The Georgia Forestry Commission conducted a wild land training class at the McRae-Helena Fire Department with a live-burn exercise recently. Five instructors from the Georgia Forestry Commission led the class of firefighters attending from McRae-Helena Fire Department (MHFD), Georgia Department of Corrections (GDC) Fire Services (Telfair State Prison), Milan Fire Department and Scotland Fire Department.
The 40-hour online portion of the Georgia Basic Wild Land Firefighter Course required the successful completion of 16 different curriculum areas, followed by several hands-on instruction exercises throughout the weekend. Georgia Forestry's extensive course covered a variety of topics including fuel types, topography, reading the weather and how the weather affects fires. The attending firefighters were instructed in Georgia Forestry's methods for the construction of a handline, or firebreak as a team and the different ways Georgia Forestry combats wild fires.
"Our main responsibility is structure fire fighting, however, approximately 10% of our yearly calls are to brush/wild land burns," says McRae-Helena Chief Jeff Hardin. "While Forestry and us both have the same task of extinguishing fire, we each approach task differently. Learning the way they see the task ahead compared to how we approach it will allow us to work with Forestry even better than we did before."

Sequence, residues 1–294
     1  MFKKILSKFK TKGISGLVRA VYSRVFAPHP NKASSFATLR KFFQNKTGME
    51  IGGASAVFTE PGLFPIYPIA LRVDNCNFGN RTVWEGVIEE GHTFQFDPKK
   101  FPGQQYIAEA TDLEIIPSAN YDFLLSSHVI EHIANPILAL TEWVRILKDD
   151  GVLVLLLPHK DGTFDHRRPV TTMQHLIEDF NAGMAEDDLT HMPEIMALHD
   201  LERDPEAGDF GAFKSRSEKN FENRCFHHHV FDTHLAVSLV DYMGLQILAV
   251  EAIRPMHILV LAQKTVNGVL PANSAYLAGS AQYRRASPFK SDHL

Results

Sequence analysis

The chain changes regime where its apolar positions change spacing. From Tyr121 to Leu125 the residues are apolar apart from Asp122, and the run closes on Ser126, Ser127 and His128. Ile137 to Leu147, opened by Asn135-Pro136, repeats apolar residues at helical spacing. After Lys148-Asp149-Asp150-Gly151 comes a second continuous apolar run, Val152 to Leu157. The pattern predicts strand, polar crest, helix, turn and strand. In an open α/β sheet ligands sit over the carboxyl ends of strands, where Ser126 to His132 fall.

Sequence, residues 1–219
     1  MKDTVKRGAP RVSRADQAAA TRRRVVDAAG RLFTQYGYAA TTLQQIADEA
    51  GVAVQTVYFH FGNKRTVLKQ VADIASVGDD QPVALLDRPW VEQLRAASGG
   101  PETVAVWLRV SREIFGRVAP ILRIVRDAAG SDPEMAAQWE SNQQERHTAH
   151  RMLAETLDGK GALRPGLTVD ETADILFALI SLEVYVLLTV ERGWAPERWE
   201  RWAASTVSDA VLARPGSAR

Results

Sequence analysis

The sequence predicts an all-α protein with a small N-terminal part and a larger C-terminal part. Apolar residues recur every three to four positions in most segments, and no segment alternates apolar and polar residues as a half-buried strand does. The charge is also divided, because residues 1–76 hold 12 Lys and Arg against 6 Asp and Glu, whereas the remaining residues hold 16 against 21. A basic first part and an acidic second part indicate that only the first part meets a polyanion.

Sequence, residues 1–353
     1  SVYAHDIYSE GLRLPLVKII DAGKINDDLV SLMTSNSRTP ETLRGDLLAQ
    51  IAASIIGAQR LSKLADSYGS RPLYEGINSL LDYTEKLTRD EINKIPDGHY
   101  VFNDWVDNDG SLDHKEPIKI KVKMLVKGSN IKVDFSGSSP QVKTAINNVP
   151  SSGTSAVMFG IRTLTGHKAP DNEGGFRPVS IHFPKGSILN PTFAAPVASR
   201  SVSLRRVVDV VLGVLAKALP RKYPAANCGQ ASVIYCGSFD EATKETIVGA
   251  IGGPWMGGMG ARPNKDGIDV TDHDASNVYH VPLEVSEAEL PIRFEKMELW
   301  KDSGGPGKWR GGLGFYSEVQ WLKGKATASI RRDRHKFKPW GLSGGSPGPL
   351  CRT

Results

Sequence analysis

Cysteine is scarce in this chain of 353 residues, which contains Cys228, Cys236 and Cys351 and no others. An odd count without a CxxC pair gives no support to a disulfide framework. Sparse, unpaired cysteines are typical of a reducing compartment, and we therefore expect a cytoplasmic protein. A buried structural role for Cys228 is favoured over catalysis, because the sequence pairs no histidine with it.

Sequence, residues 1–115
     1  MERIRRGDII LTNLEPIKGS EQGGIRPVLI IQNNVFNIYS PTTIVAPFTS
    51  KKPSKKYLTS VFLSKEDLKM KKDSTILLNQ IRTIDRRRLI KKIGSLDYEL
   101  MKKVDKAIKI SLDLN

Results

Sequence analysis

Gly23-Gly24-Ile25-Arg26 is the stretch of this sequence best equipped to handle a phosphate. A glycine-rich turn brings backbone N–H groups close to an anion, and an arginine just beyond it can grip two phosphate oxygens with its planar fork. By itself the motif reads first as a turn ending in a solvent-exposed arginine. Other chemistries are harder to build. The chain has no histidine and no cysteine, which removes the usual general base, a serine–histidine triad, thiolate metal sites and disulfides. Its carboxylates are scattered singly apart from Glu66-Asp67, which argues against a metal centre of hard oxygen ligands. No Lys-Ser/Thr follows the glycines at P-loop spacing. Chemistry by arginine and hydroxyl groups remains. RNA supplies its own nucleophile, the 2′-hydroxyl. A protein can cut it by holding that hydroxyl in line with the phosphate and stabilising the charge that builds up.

"Learning from instructors that have worked not only in Georgia and the Okefenokee Swamp fires of 2007 and 2011 but also large fires across the USA was invaluable to us," explains MHFD Assistant Chief and Training Officer Greg Young. "Furthering our knowledge and improving our relationships with other public safety agencies is invaluable to the services we provide our communities."
"We would like to thank the Georgia Forestry instructors and all of the students for their participation in this class and making it such a great success," adds Chief Hardin.